My research and writing has been cathartic this year, but it has also reminded me what we are up against: even the strongest visual symbol of this country and its founding ideologies has been constrained. Once celebrated for her righteous anger and willingness to cut down oppressors, she was sanitized for political reasons.  While our bodies are used as symbols of enlightened and universal political ideologies, like Liberty and Justice, our voices, our emotions, and our experiences have also been suppressed.

I don’t know if I can say that I’m glad this is a writing project I’ll be working on more and more (to examine and include depictions of America, Freedom, and Lady Columbia), but it feels necessary to fully research and consider. I’ve been seeing Artemisia Gentileschi’s depictions of Judith and Holofernes making the rounds on social media.  Perhaps it’s time to design a new colossal national monument…

 

 

 

 

The Smart Woman’s Writing Desk, Part IV

By Lynn Clement


Even though Virginia Woolf’s famous essay about the importance of creative space for women (both public and private) was published in 1929, it wasn’t until 2013, after the birth of my daughter, that I finally claimed a room of my own.

I lost myself a bit after becoming a mother and I struggled while my body, mind, and purpose felt as if they were no longer fully my own.  Personal space suddenly became more important as I grappled with identity and nagging doubts about career and choices, in general.  So I staked a claim in my home to help me retake my place in the world.  This was also important for legitimizing my work, to others and myself.  My contingent faculty career status had often been maligned, and this often made me question my place and worth.  Both became stronger after I added “mother” to my list of jobs.  “Maybe now you should focus on something more worthwhile?” “Maybe this could be a chance to switch careers?” “Are you even going back to work?” “When?”  “How?” “Why?”

I did go back to work because I love what I do, and I didn’t switch jobs because I’m also good at it.  However, I needed to find equilibrium between my career and my new role as caregiver. To do this I needed space. I found a tiny section of my already cramped home and tried to carve it into something. I ripped up carpet, scrubbed floors on hands and knees, stripped wall paper, patched walls with joint compound, painted newly sanded surfaces and trim, hauled books, dragged furniture, hung curtains, and remade the space as I tried to remake myself.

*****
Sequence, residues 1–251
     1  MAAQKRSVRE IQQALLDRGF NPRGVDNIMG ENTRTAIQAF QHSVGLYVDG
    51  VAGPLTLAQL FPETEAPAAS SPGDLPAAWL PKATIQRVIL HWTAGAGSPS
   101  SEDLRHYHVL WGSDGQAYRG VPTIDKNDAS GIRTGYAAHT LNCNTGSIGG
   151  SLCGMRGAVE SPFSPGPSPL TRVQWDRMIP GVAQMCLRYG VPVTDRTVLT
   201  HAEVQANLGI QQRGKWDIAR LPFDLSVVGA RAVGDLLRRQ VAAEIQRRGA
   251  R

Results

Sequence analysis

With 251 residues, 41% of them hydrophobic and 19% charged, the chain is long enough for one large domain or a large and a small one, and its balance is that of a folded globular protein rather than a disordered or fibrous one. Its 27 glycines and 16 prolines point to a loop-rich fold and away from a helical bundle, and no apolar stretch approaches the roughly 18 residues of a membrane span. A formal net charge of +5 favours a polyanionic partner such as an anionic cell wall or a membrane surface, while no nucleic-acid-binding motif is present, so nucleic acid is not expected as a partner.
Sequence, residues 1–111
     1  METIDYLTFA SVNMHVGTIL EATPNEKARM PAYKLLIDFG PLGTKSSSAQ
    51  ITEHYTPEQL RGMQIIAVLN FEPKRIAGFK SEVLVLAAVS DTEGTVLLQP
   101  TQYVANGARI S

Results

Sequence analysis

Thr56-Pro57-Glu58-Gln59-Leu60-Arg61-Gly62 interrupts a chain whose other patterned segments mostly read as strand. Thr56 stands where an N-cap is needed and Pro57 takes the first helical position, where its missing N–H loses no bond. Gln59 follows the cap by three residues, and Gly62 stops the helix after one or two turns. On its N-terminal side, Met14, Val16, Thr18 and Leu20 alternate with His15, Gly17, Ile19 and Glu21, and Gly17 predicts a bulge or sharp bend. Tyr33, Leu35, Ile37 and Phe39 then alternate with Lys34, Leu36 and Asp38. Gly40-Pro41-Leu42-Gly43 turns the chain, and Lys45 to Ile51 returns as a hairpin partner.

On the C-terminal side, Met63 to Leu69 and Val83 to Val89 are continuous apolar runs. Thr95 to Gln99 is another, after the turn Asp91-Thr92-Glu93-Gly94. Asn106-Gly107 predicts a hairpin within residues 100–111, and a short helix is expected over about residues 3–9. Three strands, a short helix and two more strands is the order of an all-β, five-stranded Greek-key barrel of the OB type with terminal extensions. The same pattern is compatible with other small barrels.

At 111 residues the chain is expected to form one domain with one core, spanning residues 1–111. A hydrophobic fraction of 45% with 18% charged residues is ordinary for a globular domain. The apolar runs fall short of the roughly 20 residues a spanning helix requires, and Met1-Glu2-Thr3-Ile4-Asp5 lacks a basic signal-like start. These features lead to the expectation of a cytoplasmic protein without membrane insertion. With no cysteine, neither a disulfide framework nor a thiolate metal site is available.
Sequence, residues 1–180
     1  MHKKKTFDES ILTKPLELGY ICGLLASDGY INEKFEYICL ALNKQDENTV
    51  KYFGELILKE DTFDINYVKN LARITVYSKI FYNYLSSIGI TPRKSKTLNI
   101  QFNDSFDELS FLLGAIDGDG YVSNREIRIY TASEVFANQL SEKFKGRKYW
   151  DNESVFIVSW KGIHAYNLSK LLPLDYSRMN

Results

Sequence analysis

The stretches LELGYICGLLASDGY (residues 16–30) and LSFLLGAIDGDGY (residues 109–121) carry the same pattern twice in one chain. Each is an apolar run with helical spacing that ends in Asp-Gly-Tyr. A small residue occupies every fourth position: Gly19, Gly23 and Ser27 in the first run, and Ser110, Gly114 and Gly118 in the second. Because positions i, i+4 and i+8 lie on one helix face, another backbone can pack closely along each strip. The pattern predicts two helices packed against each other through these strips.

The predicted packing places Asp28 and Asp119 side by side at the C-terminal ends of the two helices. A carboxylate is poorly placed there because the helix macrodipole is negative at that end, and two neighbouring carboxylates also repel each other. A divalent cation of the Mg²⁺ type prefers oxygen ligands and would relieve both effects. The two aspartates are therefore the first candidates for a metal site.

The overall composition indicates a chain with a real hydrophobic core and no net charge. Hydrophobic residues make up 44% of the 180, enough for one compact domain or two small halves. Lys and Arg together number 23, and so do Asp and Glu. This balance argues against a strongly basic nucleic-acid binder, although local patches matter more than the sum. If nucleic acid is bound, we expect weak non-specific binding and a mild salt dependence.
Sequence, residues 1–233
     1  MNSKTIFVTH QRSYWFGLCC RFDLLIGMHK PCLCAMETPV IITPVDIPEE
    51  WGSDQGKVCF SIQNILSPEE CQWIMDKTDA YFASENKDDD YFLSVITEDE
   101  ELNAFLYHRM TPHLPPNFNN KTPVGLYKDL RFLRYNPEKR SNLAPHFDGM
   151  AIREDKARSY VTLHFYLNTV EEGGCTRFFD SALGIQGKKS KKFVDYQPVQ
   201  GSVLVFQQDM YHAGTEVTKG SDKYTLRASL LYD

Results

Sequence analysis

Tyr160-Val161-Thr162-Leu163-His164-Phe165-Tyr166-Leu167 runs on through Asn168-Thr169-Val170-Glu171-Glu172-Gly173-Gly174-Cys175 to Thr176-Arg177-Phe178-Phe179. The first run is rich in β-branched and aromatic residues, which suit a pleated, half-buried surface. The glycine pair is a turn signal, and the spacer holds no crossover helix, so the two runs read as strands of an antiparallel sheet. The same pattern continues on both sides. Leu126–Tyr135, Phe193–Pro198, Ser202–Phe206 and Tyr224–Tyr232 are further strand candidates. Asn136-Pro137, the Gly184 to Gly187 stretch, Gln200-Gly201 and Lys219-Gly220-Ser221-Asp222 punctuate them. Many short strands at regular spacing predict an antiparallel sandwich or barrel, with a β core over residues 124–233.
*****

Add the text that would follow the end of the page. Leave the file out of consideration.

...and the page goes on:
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It’s not perfect, and it’s a bit chaotic, but it reflects me: who I have been, who I am despite the changes I have undergone, who I may become.  My actual work space, a narrow desk with an obsolete X-Files mouse pad, is surrounded by objects that make me contented: books, art, notes, papers, mementos, trifles.  Tomes on art, popular culture, programming, science, culture, politics, and religion are stacked below art made by my grandmother, my sister, my students, and my daughter.  (The drawing by my daughter depicts me, fighting a dinosaur with a sword.  Totally bad ass.)  Mismatched bookcases and sills hold some of my most prized keepsakes.  An antique typewriter found at a img_20180804_171120236garage sale was given to me by my parents.  They had high hopes that I would write my first book with it.  I won’t, but it is a sign of the support I have from family and friends.  img_20180804_171106780A guitar built by my great-uncle from an old stump that was half rotting in the backyard of my childhood home serves as a reminder to find inspiration in the unlikeliest of places, and to make something beautiful and useful.  My collection of running medals, all earned during road races of varying distances, reminds me to put in the work no matter how tedious.

Not everyone has the luxury of a room of their own and sometimes I still don’t.  I began writing this post on one of those yellow legal pads because my daughter had commandeered both my desk and my laptop.  In addition, my office now temporarily houses her new kitten and all his kitten accouterments.  However, the process of making that space my own resulted in an important change of mindset about room and my need to make some for myself in the world.  It’s okay to take up space.